Submitted: 11 months ago.
Category: Chrysler
Expert:  Nicola-mod replied 11 months ago.
Hello,
I've been working hard to find a Professional to assist you with your question, but sometimes finding the right Professional can take a little longer than expected.
I wonder whether you're ok with continuing to wait for an answer. If you are, please let me know and I will continue my search. If not, feel free to let me know and I will cancel this question for you.
Thank you!
Nicola
Expert:  sebastian manrique replied 11 months ago.

Hi, my name is***** your mechanic automotive expert, and I will be happy to assist you today. In some cases, I may need more information to assist better. I apologize for any delay.

I try to be here most weekdays and some weekends. If you respond and I do not respond back right away I will do so as soon as I can.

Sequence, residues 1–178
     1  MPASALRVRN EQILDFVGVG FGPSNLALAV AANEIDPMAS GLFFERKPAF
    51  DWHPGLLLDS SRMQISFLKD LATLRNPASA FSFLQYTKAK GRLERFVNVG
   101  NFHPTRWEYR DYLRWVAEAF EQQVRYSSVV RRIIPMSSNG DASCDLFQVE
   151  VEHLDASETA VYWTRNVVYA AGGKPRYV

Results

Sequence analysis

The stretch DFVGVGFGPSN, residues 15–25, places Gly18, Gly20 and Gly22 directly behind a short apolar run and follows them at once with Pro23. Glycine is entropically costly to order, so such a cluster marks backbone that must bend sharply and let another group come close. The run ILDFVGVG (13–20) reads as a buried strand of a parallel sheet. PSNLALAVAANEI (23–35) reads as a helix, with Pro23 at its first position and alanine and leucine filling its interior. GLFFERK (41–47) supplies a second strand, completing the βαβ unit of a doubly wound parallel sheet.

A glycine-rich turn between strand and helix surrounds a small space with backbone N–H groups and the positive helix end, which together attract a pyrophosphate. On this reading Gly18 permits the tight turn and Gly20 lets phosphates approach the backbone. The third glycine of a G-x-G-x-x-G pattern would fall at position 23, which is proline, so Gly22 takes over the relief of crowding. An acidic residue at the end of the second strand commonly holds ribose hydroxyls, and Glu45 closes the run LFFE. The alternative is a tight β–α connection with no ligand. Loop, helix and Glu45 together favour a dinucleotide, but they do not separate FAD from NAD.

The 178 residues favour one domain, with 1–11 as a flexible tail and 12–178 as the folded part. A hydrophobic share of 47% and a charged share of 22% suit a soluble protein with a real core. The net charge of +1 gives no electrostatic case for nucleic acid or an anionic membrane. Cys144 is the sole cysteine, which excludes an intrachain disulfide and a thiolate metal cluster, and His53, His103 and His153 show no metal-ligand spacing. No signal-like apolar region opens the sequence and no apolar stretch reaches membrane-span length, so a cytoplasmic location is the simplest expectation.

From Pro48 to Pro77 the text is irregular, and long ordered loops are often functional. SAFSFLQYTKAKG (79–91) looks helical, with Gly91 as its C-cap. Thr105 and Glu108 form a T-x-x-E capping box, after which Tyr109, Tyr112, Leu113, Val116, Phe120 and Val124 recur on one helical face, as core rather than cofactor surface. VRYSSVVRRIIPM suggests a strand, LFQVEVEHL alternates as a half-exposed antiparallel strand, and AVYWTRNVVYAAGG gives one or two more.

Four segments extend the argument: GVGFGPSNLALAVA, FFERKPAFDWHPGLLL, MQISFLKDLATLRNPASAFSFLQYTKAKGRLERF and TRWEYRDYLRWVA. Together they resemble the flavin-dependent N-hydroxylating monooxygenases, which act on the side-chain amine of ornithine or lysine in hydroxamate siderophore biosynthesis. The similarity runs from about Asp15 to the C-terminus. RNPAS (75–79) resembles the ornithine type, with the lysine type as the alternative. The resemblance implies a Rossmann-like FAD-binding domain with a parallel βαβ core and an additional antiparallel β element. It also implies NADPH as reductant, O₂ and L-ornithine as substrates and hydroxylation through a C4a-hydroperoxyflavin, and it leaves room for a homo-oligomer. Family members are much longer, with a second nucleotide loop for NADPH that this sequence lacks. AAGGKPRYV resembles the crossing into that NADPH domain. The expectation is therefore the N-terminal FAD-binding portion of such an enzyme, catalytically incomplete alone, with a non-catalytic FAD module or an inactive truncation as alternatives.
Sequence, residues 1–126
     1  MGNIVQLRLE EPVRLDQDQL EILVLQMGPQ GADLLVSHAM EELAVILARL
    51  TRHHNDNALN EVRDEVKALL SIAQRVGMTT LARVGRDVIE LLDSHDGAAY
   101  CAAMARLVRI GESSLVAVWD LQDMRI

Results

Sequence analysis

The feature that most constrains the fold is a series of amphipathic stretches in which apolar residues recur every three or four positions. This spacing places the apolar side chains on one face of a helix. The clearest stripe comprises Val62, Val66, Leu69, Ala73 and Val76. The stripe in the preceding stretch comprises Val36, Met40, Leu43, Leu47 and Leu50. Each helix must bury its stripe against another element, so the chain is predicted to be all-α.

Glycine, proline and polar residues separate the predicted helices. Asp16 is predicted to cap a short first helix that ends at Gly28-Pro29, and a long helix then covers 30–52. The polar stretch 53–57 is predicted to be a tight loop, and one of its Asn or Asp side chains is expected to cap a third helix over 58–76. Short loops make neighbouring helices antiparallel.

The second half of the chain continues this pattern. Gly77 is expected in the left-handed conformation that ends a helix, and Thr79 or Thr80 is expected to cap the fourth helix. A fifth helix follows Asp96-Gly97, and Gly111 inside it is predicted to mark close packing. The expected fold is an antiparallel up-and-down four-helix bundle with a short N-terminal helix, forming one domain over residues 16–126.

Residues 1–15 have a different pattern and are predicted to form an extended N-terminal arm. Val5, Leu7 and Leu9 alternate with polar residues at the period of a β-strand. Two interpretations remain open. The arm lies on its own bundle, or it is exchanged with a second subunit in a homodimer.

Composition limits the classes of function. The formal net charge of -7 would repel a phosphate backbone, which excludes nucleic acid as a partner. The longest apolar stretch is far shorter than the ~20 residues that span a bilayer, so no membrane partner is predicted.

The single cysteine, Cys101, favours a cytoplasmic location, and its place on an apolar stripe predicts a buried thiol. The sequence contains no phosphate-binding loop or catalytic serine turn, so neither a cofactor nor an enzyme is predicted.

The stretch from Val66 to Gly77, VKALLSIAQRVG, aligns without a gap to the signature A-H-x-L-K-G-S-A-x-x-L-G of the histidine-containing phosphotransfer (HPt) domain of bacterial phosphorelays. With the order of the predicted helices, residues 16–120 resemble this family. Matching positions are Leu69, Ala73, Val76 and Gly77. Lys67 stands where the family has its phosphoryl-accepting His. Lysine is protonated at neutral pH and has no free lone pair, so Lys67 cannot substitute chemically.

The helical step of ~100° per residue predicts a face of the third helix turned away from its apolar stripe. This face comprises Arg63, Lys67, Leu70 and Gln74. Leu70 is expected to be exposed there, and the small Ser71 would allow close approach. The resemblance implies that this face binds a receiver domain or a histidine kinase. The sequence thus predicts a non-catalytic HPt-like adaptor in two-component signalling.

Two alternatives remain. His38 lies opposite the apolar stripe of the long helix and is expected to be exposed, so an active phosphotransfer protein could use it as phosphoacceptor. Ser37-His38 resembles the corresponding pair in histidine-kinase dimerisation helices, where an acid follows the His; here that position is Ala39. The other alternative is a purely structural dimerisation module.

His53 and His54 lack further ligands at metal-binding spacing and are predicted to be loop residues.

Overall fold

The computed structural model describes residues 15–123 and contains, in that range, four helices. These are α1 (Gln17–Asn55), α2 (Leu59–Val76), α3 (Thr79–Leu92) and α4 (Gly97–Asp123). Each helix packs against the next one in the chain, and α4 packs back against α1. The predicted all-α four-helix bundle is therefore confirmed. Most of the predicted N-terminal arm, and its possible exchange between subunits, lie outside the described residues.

Dear customer, could you please tell me the mielage of your car also do you have any lost of power while driving?
Thank you.

Customer: replied 11 months ago.
Hi Sebastian, mileage is 155k and never completely lost power.Cheers Austin
Expert:  sebastian manrique replied 11 months ago.

Dear customer, I understand your problem. The first thing that I think it would be useful to inform you is that the engines and the cylinder heads of your model Grand Voyager Xeon have a very delicate aluminum alloy, what happens is that aluminum does not withstand high temperatures so any overheating can cause damage to it, more in the cylinder heads .
The first thing I noticed and that I should recommend you is to do a coolant leakage check, there are tools like pumps which are installed in the cooling system either by the radiator or the collector, and air is applied in the system to increase the pressure then it’s observed if this pressure decreases, if so we are in the presence of a leak which we can locate visually.
The problem its dear customer that the leaks cause overheating, there are other aspects that should be rule out, for example the radiator cap must have the proper pressure these caps are designed to withstand certain pressures, when these cover wear they cause leakage of coolant through steam.
Problems in the coolant pump also cause coolant circulation problems, which causes an increase in the temperature.